like being in the Twilight Zone.
The only reason I purchased this movie was because of where it was filmed. The town has undergone some changes since the movie was made, so it's a nice nostalgic scrapbook of sorts. The movie itself is cheesy, corny, and rather poorly done like most teen oriented films of the 80's, though it had a LOT of potential... I must say, I'm quite surprised to see it out on DVD - wish I had known that before going to eBay and buying it on VHS!
If you like cheese, small-town people made to look like dumb hicks, and teen power, then this is a must see. Otherwise, if you're not from the area it was filmed, it's almost a waste of time.
Almost...it *is* pretty funny as long as you're not taking the movie seriously and considering it a drama like the little sticker on the box says....
Yes, it was shot in 1983 in Honesdale PA. The name of the hotel when it was open in real life was Bethany Colony. After it had been closed for awhile it was used by the studio to make this movie. The Honesdale High School senior class were in the movie in the graduation scene. Unfortunately, the studio left the hotel in worse condition than when they found it. I've never seen it but would love to so I am trying to find a copy. Sounds like a DVD version I will never see but luckily I still have a VHS player! I was only 11 when it was filmed but remember the movie being filmed when I lived in Honesdale. Never knew the stars in it or that it was Miramax's first film. I'll have to let the rest of my friends know that.
*** This review may contain spoilers ***
Come on its great 80s fun. Teens dressing up as boy-scouts to earn money, convincing friends to help with a dream. The smartest little sister on the screen I just cant help but Love the game they play. Try it if your in the mood for something silly and fun. Hey,Its a Weinstein (think Scream, Emma, Addicted to Love and Kate and Leopold) film one of the firsts. You get to see young actors trying to make their way (Marisa Tomei is in it way before she got famous or won an award.) and some older ones (Harold Gould) helping them out. Now I certainly hope that is enough of a reason to try this film. Hey if nothing else, you get watch Eighties Hair and listen to some good eighties music.
*** This review may contain spoilers ***
I'm surprised to see so many negative reactions to this film. As a
regular junkie for obscure 80s comedies, I kind of liked it. I mean,
the underdog story was quite far-fetched and there were several
elements to make it laughable (the music video-like sequences scattered
through the more motivational sequences in the film), but it is it
really deserving of such poor ratings? Actually, this is the kind of
film that an obscure 80s comedy/drama fan might only appreciate (it is
probably destined for cult status anyways, even if the following for
such is extremely small) because you have to expect (and forgive) a lot
of campy cheesiness. Afterall, that's the natural byproduct of the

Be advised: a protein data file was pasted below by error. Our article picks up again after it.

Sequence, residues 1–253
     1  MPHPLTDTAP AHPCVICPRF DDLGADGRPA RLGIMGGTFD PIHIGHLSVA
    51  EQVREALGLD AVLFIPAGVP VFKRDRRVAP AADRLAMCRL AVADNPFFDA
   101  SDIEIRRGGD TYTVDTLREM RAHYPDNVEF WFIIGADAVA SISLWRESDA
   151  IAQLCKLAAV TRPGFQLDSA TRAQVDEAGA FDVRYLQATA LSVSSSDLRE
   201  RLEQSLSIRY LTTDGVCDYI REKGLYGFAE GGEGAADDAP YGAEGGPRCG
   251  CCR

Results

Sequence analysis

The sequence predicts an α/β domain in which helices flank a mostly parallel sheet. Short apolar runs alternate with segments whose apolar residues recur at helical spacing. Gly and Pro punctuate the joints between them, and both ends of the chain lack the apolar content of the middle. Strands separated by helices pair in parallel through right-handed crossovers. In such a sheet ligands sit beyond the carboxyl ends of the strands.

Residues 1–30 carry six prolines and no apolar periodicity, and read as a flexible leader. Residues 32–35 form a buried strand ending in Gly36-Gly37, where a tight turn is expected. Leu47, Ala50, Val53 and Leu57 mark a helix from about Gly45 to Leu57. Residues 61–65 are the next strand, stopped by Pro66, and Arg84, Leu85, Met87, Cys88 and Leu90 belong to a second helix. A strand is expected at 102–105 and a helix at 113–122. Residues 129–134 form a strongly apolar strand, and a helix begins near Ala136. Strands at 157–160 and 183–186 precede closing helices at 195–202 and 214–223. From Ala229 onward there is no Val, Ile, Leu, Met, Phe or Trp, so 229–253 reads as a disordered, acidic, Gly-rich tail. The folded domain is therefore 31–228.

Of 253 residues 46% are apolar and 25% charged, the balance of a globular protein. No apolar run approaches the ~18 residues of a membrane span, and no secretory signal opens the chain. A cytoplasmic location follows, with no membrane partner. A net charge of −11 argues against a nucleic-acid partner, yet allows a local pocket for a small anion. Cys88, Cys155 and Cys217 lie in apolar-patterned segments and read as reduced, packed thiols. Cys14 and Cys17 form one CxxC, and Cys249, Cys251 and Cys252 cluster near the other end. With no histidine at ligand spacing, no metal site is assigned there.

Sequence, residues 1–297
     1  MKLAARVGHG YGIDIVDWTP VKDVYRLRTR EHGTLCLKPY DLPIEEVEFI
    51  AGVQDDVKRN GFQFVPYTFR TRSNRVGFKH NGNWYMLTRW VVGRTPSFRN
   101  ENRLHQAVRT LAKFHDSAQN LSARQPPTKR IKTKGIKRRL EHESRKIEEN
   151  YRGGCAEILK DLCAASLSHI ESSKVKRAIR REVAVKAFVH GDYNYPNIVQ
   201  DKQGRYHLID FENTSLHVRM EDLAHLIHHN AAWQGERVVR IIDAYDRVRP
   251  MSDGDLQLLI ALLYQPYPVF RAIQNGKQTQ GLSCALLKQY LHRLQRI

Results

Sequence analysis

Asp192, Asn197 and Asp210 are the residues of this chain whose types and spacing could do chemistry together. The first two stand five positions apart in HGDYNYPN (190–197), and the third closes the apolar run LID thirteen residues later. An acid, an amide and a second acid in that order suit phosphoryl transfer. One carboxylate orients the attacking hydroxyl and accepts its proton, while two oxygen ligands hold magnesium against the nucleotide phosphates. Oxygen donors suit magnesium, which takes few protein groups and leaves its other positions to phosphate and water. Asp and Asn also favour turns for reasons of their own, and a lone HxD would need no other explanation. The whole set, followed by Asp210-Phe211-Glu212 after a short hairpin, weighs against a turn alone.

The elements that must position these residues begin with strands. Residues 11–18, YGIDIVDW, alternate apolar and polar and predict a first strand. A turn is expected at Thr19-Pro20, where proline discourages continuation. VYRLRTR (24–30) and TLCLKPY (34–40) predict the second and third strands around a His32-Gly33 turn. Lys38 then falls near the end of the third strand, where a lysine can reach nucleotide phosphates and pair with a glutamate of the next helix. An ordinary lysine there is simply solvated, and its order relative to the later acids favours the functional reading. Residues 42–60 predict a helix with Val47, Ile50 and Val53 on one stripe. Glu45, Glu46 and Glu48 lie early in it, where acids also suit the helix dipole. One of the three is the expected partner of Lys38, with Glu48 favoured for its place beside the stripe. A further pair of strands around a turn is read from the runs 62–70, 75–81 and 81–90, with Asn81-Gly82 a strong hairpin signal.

This is the story of an optimistic, and idealistic, teen from NYC. A recent high school grad, he's determined not to be stuck in some dead end junk job that he would regret for the rest of his life. Among the three friends who are primarily the main protagonists of this film (along with Harold Gould as Rockerfella and Marisa Tomei as one of the girlfriends), he is the dreamer with plenty of ideas for greatness. Opportunity comes a-knockin' this time in the form of a deed to an upstate hotel inherited from an Aunt, along with eight thousand dollars worth of debt. Despite urgings from his mother not to bother with it, he and his friends plan to fix it up and turn it into a youth hotel, The Hotel Majestic.
This, of course, is much to the chagrin of the small town's high profile investor, who, in cahoots with another sleazy businessman, intend to get their hands on that hotel any way they can. And when the teens refuse to sell it to him, he turns the whole town of middle-age and senior ogres against them. Being the underdog genre, you have to know that these kids (and their friend, Rockerfella) aren't going down without a fight. Like I said, you have to expect quite a bit of cheesiness. But the film has it moments of sly city humor (I particularly like Jimmy Biao's character, Stienberg) and other elements that may make it worth watching. I actually started watching it with the impression that it was going to be terrible (I had bought it at a video store where I usually have zip luck with the selections). Certainly, fans of obscure 80s films ought to give it a try.
When I first looked at the LaserDisc jacket, I thought this movie was going
to be a bomb, but was instead pleasantly surprised.
Better than below average 80's Teen Adventures (like Kevin Bacon's often
cheezy Quicksilver '86), this fun movie included a
very young Marisa Tomei and super cute Mary B. Ward. Worth a
*** This review may contain spoilers ***
i cant believe all the negative reviews about this movie this movie is the bomb i first discovered this movie back in 1995 on the encore channel and since then i been a fan how can you not like it the acting is kind of silly but its great i love the songs and it teaches you how to succeed not fell and Marisa tomei is not the main character Daniel jordano is the star Marisa is just a supporting actor and i heard that this is the first very first film from the Weinstein's good job so if people want to see where Marisa tomei started its right here its a sad movie to me anyways i wonder how the other casts are doing the soundtrack is awesome i like the part when the inspector come by and gets hit by the latter i don't care how many bad remarks this movie gets its my favorite.
This movie is very similar to the 1980 film Xanadu. A lot of IMDB users may not like that film either, but at least Xanadu had the beautiful Olivia Newton-John and a great soundtrack. This film has about 10 minutes of the cute Marisa Tomei and 1 decent soundtrack song (Say the Word by Arcadia). I wanted this movie to end so badly, yet it was like watching a car accident. I just couldn`t turn away because it was so bad!! This movie is no `Xanadu`.